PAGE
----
Food poisoning due to bacteria

Organism Food poisoning can either be due to bacteria, viruses, organic or inorganic poisons (Table 9.1). The most common poisoning is that produced by bacteria. The main types of bacterial food poisoning are due to Salmonella, Staphylococcus or Clostridia.

Clinical features Due to the similarity of presentation, it is more convenient to consider them as a group, rather than individually. Onset is sudden with fever, generally vomiting and/or diarrhoea in a family or group of persons who have shared the same meal. Sometimes, a sub-normal temperature or lowered blood pressure is the presenting symptom. The incubation period is very short and sufficiently precise for the type of food poisoning to be suspected by the length of time since the food item was eaten.

Incubation period With staphylococcal food poisoning, it is between 1 and 6 h; Salmonella over 6h, usually 12-36 h, and for Clostridia, 12-24 h or several days. Less commonly, food poisoning can be due to Bacillus cereus (1-12 h) and Vibrio parahae-molyticus (12-48 h).

Transmission is through the consumption of food contaminated with the bacteria or its toxins. Infection can sometimes result from a contaminated water supply and via milk that has not been pasteurized. Salmonella generally infects the food in the living state, such as cattle, poultry or eggs, but unhygienic practice in the slaughtering of animals or preparation of foodstuffs can also be responsible. The bacteria are killed by proper cooking and no toxins are produced; so examination of the meal should reveal an improperly cooked source.

Staphylococcal food poisoning results from toxin produced by the bacteria so the

Table 9.1. Food poisoning.

Agent

Period of onset (h) Symptoms

Types of food

Bacterial food poisoning

Staphylococcal 1-6

B. cereus 1-12 Salmonella 12-36

C. perfringens 9-24

C. botulinum 9-24

V. parahaemolyticus 12-48

Fish poisoning

Ciguatera 1-30

Scombroid 1-12

Tetraodontoxins 0.5-3

Shellfish, paralytic 0.5-3

Shellfish, diarrhetic 0.5-3

Plant foods

Akee (Blighia sapida) 2-3

Cassava (Cyanide) Hours

Contaminants

Triorthocresyl- Days phosphate

Sudden, vomiting more than diarrhoea Vomiting, diarrhoea and fever Abdominal cramps, diarrhoea, shock Ptosis, dry mouth, paralysis Abdominal pain, diarrhoea and fever

Parathesiae, malaise, sweating, diarrhoea and vomiting Burning sensation, nausea, vomiting Hypersalivation, vomiting, parasthesiae, vertigo, pains

Parasthesiae and paralysis Diarrhoea and vomiting

Vomiting, convulsions, death Vomiting, diarrhoea, abdominal pain, headache, coma

Neuropathy

Stored food

Improperly cooked meat, eggs and milk produce Cooked meat, especially pig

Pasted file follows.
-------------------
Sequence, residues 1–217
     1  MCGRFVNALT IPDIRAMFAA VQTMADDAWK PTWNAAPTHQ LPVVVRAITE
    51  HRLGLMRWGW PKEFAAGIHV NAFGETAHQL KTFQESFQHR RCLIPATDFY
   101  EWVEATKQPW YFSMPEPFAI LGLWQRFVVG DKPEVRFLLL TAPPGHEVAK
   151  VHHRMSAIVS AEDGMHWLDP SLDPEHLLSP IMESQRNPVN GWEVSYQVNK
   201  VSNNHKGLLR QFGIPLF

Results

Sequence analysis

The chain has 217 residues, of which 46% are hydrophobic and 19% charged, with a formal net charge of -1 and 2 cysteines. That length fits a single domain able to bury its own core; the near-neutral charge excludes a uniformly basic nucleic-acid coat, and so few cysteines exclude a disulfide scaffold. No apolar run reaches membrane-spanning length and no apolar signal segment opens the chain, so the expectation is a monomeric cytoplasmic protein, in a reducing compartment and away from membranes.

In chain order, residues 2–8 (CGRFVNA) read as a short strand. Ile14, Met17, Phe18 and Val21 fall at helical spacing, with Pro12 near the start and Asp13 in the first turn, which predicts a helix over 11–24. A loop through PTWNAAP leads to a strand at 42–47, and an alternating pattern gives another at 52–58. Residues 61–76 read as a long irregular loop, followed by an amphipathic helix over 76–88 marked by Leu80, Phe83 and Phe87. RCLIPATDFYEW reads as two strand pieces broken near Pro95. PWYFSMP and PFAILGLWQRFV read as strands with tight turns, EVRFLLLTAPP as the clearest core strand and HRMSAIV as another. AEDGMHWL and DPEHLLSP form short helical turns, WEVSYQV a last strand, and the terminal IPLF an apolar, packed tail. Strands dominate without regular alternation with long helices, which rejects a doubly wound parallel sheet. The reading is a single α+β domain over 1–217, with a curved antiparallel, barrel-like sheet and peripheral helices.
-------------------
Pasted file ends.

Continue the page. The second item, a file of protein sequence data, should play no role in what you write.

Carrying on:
Preserved foods Undercooked or raw fish

Barracudas, snappers, sea bass, groupers

Tuna, mackerel, salmon or cheeses Puffer fish

Clams and mussels Clams, scallops, etc.

Unripe fruit

Improperly processed root Cooking oil food may be adequately cooked and no bacteria isolated from the suspected food source. It is commonly transmitted by food handlers with an infected lesion or unhygienic habits, such as transferring bacteria from the nose. V. parahaemolyticus is particularly associated with seafood or food that has been washed with contaminated seawater.

Clostridia food poisoning can be caused by several types of organisms. C. botulinum infection results in a severe disease, botulism, which is characteristic of home-preserved foods (see further Section 18.5). C. perfringens generally produces a mild dis ease of short duration, but in New Guinea and the Western Pacific Islands, it is responsible for enteritis necroticans or pigbel, in which there is an acute necrosis of the small and large intestines with a high fatality rate. This is associated with feasting, generally of pig meat, but also from other animals such as cattle. Children, particularly boys, are mainly affected. The disease is probably accentuated by a protease inhibitor contained in sweet potato, preventing breakdown of the toxin.

Clostridia have resistant spores, which can remain in the soil for long periods, and their contamination of partly cooked and re-heated food allows multiplication and production of the toxin.

There is often a seasonality of food poisoning, Salmonella in the summer months and C. jejuni in spring and autumn. C. perfringens occurs throughout the year.

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